I don't know that this is correct, could the "right answer" be related to identifying why we disagree? You believe in premise set A, I believe in premise set B and we both agree on premise set C. Thus we come to different answers on moral proposition Q. Under your assumptions we get 'Q is obligated' and under mine we get 'Q is not permitted' or at least 'Q is not obligated'. If A, B or C are inconsistent then there is a 'correct' answer, that one of us or both is 'wrong'. If A, B and C are consistent then the 'correct' answer is that 'Under A and C, Q is obligated and under B and C, Q is not obligated.' This is the objective of a moral discussion. Just because we don't come to the conclusion that one of us is right or wrong doesn't mean that we haven't come to a conclusion. Often times, people realise that they are talking about the same thing in slightly different ways.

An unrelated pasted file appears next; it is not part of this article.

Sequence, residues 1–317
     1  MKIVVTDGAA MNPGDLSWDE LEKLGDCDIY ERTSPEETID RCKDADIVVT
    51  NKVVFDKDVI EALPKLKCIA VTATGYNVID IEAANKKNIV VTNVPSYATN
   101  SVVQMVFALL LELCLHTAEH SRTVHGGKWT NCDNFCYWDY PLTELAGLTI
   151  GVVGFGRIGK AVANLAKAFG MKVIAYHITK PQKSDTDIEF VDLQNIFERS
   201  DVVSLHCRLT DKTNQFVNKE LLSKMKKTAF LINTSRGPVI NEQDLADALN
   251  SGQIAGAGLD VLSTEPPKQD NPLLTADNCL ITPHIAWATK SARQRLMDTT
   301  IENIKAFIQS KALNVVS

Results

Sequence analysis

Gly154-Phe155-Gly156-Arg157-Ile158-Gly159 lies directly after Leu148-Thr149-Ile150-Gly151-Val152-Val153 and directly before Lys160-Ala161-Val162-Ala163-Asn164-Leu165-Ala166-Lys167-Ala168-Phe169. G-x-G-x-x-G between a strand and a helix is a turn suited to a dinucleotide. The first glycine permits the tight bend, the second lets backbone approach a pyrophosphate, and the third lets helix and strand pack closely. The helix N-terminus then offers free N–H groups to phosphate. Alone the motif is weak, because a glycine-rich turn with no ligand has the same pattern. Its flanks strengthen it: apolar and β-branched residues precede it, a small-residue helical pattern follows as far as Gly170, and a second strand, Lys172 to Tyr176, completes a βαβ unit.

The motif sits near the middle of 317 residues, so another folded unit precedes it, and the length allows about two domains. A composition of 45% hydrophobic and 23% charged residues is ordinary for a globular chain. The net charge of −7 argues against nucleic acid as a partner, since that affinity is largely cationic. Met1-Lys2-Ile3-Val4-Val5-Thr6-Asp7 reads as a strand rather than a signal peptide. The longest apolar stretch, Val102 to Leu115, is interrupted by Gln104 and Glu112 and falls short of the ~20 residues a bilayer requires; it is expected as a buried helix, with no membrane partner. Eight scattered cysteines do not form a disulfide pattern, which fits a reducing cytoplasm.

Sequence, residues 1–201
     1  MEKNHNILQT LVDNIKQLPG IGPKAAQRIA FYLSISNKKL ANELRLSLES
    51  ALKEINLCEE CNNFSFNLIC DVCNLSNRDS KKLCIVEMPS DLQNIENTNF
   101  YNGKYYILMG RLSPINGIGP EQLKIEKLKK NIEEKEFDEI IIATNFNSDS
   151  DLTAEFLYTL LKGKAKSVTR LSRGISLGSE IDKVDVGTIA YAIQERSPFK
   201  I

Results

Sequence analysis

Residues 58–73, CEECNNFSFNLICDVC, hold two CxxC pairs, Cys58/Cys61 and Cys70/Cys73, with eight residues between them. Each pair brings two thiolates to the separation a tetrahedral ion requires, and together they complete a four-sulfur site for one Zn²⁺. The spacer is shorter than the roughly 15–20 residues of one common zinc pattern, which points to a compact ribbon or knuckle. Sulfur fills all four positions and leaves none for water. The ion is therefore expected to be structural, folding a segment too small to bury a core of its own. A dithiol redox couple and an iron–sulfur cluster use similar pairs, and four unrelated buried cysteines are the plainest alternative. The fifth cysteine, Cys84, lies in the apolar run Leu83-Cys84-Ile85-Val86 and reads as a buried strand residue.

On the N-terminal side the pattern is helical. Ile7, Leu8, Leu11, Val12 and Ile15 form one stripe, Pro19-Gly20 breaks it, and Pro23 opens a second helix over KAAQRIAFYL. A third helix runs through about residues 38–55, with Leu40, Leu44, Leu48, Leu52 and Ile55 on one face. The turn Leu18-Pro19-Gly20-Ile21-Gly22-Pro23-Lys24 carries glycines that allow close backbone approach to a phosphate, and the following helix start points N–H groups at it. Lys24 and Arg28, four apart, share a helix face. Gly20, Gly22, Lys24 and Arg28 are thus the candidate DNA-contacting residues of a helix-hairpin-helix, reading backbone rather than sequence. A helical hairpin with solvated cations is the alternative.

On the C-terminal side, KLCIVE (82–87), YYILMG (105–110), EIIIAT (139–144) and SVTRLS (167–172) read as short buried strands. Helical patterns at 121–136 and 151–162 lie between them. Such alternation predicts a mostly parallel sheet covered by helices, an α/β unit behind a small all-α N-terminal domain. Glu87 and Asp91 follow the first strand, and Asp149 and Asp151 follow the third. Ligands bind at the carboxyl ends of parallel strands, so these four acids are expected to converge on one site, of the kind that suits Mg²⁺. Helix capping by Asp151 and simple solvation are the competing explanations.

Realize that you're talking about normative claims. If you don't know what that is, google it.
Tsar of DDO
sadolite
Posts: 8,842
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6/12/2013 9:14:01 PM
Posted: 3 years ago
At 6/12/2013 7:21:35 PM, Sidewalker wrote:
At 6/11/2013 4:21:57 PM, sadolite wrote:
Recently in another forum I was told my opinions were invalid. Could someone explain to me how my opinions can be invalid given that morality and right and wrong are relative? Is there some formula I am not aware of that is universal among all philosophers past and present that determine which opinions are valid and which aren't regardless of the topic being discussed.
Or is there some federal govt agency that determines whether ones opinion on anything is valid.
Or does the validity of an opinion change with each change in mob rule who ceases power by what ever means.